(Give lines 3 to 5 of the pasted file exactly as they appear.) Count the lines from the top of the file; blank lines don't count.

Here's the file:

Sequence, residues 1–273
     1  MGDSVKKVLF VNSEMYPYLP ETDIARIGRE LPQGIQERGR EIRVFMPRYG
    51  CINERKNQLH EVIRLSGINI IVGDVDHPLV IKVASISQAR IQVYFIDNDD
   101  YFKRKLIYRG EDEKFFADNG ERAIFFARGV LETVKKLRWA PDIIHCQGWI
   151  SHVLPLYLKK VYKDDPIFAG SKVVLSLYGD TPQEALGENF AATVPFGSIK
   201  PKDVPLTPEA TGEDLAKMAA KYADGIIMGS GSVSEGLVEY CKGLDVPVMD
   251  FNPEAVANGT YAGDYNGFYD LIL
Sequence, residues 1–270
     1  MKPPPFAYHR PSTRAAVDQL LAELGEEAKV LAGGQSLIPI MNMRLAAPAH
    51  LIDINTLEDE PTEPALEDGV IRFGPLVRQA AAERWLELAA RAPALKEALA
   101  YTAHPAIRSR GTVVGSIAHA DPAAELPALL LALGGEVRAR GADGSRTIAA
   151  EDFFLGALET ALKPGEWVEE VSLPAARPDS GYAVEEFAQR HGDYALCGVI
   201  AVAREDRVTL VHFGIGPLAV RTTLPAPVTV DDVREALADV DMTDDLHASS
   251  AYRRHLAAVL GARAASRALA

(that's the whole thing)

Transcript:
    51  CINERKNQLH EVIRLSGINI IVGDVDHPLV IKVASISQAR IQVYFIDNDD
   101  YFKRKLIYRG EDEKFFADNG ERAIFFARGV LETVKKLRWA PDIIHCQGWI
   151  SHVLPLYLKK VYKDDPIFAG SKVVLSLYGD TPQEALGENF AATVPFGSIK